egum Jahanara Shahnawaz was born on 7th April 1896 in Lahore. She was the daughter of Sir Mian Muhammad Shafi, a leading Lawyer and Politician who co-founded the All India Muslim League in 1906. She studied at Queen Mary College, Lahore.
Born on 7 Apr 1896
Died on 27 Nov 1979
Pakistani Advocate and Politician
In 1918, Jahanara Shahnawaz successfully moved the All India Muslim Women’s Conference to pass a resolution against polygamy. In 1935, she founded the Punjab Provincial Women’s Muslim League. In the Round Table Conference of 1930, she and Radhabai Subbarayan were the only two active members of women’s organizations nominated to the conference; they argued unsuccessfully for a 5 per cent reservation for women in the legislatures.
In 1937, she was elected to the Punjab Legislative Assembly and was appointed Parliamentary Secretary for Education, Medical Relief and Public Health. In 1938 she became a member of the Women’s Central Subcommittee of the All India Muslim League. In 1942 India’s government appointed her as a member of the National Defense Council, but the Muslim League asked League members to resign from the Defense Council. She refused and was thus removed from the Muslim League. However, she rejoined the League in 1946 and in that same year was elected to the Central Constituent Assembly. That year she also went along with M.A.H. Ispahani on a goodwill mission to America, to explain the point of view of the Muslim League. She was arrested along with other Muslim League leaders during the Civil disobedience movement in Punjab in 1947.
In 1948, she led a protest of thousands of women in the streets of Lahore, protesting against the fact that a bill encouraging better economic opportunities for women had been removed from the agenda. Prime Minister Liaquat Ali Khan intervened, and the Muslim Personal Law of Shariat of 1948 was passed; it legally recognized a woman’s right to inherit property, including agricultural land, which had not been recognized during the British Raj.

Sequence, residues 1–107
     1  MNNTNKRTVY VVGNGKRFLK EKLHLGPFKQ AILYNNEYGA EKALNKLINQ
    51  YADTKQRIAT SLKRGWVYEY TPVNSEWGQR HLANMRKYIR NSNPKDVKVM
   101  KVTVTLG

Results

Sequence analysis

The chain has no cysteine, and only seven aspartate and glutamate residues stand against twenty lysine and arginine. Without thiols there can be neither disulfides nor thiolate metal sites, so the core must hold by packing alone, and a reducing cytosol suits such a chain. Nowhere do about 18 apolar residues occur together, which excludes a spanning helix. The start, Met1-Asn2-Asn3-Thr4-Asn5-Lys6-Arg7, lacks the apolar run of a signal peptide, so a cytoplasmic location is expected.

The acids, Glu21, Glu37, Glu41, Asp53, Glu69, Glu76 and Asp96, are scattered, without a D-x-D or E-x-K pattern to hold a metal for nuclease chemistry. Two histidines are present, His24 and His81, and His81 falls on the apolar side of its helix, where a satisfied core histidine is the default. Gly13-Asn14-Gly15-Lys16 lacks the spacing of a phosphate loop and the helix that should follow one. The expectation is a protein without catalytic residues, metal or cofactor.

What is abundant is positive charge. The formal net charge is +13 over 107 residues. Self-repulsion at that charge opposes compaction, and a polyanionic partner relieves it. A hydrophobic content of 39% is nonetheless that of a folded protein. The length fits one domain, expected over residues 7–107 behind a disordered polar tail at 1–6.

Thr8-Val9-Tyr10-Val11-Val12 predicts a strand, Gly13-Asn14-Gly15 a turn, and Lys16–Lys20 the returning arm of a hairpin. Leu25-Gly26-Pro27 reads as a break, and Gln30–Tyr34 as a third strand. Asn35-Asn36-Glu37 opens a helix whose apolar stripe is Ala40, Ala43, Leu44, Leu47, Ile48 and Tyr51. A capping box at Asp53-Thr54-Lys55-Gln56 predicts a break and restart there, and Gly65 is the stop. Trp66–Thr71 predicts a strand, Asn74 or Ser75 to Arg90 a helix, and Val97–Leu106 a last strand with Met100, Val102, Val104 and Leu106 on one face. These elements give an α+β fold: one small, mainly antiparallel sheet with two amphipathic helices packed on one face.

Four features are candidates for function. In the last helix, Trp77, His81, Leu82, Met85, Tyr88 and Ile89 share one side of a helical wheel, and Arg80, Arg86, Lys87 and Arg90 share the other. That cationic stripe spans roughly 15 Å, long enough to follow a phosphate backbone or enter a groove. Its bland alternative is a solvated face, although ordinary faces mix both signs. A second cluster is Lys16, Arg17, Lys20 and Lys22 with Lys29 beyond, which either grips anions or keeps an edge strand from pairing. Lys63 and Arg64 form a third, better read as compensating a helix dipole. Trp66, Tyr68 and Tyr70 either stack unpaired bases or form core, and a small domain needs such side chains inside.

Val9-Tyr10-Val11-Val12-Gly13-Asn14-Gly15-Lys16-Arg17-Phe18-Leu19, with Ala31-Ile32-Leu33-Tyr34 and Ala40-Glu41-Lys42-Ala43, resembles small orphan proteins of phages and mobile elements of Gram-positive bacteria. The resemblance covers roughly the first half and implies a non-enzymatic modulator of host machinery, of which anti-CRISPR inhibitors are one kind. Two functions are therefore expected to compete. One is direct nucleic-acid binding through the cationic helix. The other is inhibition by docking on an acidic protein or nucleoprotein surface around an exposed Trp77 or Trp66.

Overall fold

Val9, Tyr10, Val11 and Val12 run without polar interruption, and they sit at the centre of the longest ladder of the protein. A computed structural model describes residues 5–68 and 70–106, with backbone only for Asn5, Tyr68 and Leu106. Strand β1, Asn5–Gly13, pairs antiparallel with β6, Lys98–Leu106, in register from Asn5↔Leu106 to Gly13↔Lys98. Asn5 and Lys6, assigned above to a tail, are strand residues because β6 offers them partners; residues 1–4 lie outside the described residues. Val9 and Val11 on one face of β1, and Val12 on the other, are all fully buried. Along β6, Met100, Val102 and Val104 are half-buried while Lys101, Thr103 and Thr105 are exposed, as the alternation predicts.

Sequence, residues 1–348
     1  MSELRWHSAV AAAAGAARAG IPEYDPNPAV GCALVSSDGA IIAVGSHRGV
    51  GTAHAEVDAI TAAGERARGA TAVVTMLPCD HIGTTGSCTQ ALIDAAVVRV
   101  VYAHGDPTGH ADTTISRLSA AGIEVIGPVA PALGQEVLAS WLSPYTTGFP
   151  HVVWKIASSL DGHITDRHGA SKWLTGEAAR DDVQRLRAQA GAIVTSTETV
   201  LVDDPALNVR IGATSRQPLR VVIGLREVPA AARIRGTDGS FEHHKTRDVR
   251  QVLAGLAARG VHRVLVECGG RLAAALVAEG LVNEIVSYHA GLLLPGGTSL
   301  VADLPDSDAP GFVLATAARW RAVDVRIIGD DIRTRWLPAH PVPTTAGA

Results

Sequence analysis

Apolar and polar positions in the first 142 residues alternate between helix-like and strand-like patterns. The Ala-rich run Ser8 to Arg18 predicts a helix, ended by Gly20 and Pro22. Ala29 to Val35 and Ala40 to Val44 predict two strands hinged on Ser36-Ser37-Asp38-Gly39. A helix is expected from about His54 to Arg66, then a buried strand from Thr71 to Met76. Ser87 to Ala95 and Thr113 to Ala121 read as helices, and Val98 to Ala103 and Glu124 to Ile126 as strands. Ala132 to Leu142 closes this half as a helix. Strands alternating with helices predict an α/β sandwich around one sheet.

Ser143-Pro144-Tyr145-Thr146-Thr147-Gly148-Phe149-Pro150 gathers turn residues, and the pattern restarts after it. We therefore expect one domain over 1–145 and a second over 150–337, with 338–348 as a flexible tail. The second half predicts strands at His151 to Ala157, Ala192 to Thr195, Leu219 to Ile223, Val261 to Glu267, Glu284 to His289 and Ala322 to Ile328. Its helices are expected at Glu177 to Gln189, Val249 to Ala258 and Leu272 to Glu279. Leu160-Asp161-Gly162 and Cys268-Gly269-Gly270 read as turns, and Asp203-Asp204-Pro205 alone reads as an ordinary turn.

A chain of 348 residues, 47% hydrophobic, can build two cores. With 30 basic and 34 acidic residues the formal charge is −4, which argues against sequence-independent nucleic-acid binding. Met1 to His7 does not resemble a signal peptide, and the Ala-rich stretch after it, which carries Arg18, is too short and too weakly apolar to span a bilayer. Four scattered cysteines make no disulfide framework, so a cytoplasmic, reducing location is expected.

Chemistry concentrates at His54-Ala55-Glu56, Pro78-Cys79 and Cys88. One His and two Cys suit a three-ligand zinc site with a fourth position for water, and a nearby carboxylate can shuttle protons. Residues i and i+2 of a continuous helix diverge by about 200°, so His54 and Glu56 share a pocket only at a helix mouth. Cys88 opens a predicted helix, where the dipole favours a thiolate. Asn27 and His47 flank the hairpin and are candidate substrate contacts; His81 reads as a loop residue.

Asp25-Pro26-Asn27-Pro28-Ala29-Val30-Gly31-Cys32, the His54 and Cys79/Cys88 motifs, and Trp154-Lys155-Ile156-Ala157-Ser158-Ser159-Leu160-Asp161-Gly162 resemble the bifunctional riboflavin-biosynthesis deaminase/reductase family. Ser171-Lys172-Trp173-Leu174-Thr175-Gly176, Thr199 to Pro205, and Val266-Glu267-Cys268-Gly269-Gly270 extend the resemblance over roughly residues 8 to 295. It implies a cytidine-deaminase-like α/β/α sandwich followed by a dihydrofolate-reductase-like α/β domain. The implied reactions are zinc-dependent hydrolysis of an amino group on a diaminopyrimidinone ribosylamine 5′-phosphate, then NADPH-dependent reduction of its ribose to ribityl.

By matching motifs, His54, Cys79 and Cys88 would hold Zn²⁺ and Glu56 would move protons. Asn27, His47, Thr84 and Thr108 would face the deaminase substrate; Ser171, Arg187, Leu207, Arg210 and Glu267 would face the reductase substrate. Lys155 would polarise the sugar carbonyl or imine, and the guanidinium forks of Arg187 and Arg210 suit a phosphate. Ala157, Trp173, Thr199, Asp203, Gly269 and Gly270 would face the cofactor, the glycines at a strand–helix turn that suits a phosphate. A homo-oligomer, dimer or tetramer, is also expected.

She was president of the provincial branch of the All India Muslim Women’s Conference for seven years and also served as vice-president of the Central Committee of the All India Muslim Women’s Conference.
She was the first woman in Asia to preside over a legislative session. She was also associated with the education and orphanage committees of the Anjuman-i-Himayat-i-Islam, in Lahore, and with several hospitals, as well as maternity and child welfare committees. She was a member of the All-Indian General Committee of the Red Cross Society.
Jahanara Shahnawaz wrote a novel titled Husn Ara Begum and her memoirs titled Father and Daughter: a political autobiography. She also wrote for women’s and literary magazines.
Jahanara Shahnawaz worked for the economic independence of Pakistan. She was of the view that the foreign policy of Pakistan should be based on trade among nations and not aid.
At the age of fifteen Jahan Ara married Mian Muhammad Shahnawaz, a barrister who would become a prominent Punjab politician in the 1920s.
Jahanara Shahnawaz died on 27th November 1979 at age 83. Her burial took place at Mian Family Graveyard, Baghbanpura in Lahore.
She was survived by only one son, Dr Ahmad Shah Nawaz who had a Doctorate in Chemical Engineering from the Massachusetts Institute of Technology (USA), a very well-known consultant who died in 2007 and a daughter Begum Nasim Jahan, who was a founding member of the Pakistan People’s Party and was elected to the National Assembly during Zulfiqar Ali Bhutto tenure and married to General Akbar Khan. Her other daughter Mumtaz Shah Nawaz tragically died in an air crash in 1948 while on her way to represent Pakistan at the United Nations.
In 1971 she published her memoirs titled ‘Father and Daughter’, a Political Autobiography and throughout her life she wrote for several women’s and literary magazines.